IBM to offer developers Power Systems on SoftLayer

LAS VEGAS – As IBM Corp. transitions its applications to the cloud the importance of its SoftLayer infrastructure as a service division is becoming more evident.

SoftLayer not only will be the platform on which all IBM applications and services will run – such as its Maximo SaaS and BlueMix suites talked about here at the company’s annual Pulse conference – but also to host applications from other businesses.

To give another lure to developers IBM said Tuesday that its high end Power Systems servers will soon be available for hosting and developing applications on SoftLayer, and the first services organizations will be able to build apps around will be from its Watson analytics engine.

To start, developers will be able to leverage three Watson services: Discovery Advisor (for researchers in industries like pharmaceuticals to analyze research articles and studies) Watson Engagement Advisor (which will go through customer data and presents results of queries in easy to interpret visual formats) and Watson Development Cloud (a platform as a service that contains the technology, tools, SDKs and APIs that enable third parties to design, develop and deploy cognitive applications).

Tom Rosamilia, IBM’s senior vice-president of systems and technology, told the conference that IBM’s Cognos analytics solutions and its DB2 Blu with Acceleration for Power Systems – which boosts the speed of analytics on the DB2 database — will also soon be available as SaaS options from SoftLayer. In addition bare metal Power Systems will be an infrastructure on demand option from SoftLayer.

Power Systems use IBM’s Power7+ RISC-based CPUs running Linux, AIX or IBM I operating systems.

“The performance and efficiencies inherent in Power Systems are a real game-changer — particularly when it comes to building out modern, adaptable cloud environments that can handle the next level of Big Data coming our way,” SoftLayer CEO Lance Crosby said in a statement. “The combination of SoftLayer and Power Systems will allow us to take cloud computing to a new level, providing customers with services they hadn’t thought were possible.”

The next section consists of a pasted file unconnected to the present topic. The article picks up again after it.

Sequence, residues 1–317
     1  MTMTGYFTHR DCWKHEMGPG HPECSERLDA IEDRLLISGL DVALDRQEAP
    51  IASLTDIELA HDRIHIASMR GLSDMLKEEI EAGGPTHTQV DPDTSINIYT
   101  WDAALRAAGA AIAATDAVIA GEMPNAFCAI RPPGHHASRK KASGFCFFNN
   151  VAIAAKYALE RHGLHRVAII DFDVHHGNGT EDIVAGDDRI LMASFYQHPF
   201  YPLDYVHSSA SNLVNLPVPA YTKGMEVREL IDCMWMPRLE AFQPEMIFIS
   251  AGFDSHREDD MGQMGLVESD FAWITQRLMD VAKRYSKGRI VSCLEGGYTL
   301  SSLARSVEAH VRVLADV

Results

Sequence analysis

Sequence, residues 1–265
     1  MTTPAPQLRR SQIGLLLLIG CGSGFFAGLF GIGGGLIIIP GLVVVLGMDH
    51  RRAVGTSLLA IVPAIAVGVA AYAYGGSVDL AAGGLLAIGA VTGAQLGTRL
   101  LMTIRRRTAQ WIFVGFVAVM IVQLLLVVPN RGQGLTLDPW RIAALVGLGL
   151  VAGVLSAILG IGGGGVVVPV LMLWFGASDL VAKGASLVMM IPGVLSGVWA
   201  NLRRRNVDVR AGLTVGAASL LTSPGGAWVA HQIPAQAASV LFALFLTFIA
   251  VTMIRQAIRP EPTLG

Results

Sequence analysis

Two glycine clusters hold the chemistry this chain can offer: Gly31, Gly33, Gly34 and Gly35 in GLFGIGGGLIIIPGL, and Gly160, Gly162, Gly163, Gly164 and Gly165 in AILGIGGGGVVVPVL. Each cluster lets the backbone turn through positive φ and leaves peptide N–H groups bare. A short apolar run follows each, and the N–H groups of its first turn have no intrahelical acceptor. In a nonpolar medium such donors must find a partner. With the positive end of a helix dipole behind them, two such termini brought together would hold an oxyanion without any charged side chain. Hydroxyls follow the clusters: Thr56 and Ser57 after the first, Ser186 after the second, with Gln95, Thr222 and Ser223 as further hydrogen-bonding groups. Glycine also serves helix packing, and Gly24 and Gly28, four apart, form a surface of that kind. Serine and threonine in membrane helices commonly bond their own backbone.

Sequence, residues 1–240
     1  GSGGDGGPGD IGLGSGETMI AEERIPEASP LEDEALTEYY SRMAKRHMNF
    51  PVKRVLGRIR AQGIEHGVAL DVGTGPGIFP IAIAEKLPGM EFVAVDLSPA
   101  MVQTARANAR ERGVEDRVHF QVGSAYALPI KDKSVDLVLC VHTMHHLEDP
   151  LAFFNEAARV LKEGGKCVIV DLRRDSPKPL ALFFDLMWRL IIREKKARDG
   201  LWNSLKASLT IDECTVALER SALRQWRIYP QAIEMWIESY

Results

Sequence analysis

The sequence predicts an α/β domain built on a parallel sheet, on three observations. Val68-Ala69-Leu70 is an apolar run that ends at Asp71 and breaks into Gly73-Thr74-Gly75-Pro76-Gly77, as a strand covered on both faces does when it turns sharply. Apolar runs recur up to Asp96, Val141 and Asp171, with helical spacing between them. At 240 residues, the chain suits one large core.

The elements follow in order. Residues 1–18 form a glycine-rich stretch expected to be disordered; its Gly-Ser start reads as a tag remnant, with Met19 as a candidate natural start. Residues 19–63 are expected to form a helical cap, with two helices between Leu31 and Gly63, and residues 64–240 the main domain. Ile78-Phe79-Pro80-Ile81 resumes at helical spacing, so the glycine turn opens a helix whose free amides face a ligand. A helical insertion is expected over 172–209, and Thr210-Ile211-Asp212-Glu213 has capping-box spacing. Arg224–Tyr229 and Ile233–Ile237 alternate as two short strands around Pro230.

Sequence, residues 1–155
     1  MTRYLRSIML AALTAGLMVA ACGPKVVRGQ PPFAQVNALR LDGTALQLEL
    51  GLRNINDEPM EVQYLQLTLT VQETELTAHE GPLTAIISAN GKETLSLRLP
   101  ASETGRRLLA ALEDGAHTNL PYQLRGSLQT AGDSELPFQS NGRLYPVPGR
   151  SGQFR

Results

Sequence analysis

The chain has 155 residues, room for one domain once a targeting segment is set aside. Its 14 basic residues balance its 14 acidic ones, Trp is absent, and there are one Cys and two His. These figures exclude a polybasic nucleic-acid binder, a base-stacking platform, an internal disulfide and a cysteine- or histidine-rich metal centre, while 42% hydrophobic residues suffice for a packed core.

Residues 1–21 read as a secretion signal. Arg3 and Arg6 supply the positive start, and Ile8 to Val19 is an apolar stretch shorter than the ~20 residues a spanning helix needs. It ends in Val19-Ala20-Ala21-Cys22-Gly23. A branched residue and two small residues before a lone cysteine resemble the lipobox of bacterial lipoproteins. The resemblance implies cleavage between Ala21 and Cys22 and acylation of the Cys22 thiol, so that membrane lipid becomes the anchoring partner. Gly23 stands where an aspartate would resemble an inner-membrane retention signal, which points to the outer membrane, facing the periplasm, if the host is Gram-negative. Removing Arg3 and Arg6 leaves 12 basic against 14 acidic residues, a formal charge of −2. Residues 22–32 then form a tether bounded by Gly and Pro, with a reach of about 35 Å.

In an interview, Power Systems division general manager Doug Balog said the announcement acts on IBM’s promise to bring Watson’s intelligent query capabilities to the cloud. App developers will be able to use their company’s data or a Watson Content Store with third party content.

One company that has used Watson when it was a on-premise service is MD Buyline, which provides healthcare institutions with information for buying medical devices. Watson powers an online “research assistant” that gives product recommendations.

Through SoftLayer, developers would use Watson as a cloud service.

IBM (NYSE: IBM) also announced a Platform Computing Cloud Service, a ready-to-run cluster in the cloud – complete with workload management, SoftLayer infrastructure and the support of a dedicated cloud operations team.

Subscriber organizations can rapidly extend resources to physical, non-shared infrastructure in the SoftLayer cloud to quickly accommodate peaks in demand without being concerned about performance, IBM said.

The announcements are part of a message IBM has been putting out here that making its products and services available in the cloud is the way the company is heading.

Mainframe users haven’t been left out. The company announced IBM Wave for z/VM, a virtualization management tool for overseeing z/VM and Linux virtual servers to make first-time private cloud deployments easier. Wave automates tasks in Linux on System z servers.

The change has impressed some industry analysts here. Monday’s statement that virtually everything IBM has will be running on Softlayer “is the biggest announcement it’s made in 30 years,” said Julie Craig, research director for application management at Enterprise Management Associates. “I’m surprised at the breadth of what they’re doing because they’ve been so focused on on-premise software until now.”


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Howard Solomon
Howard Solomon
Currently a freelance writer, I'm the former editor of and Computing Canada. An IT journalist since 1997, I've written for several of ITWC's sister publications including and Computer Dealer News. Before that I was a staff reporter at the Calgary Herald and the Brampton (Ont.) Daily Times. I can be reached at hsolomon [@]

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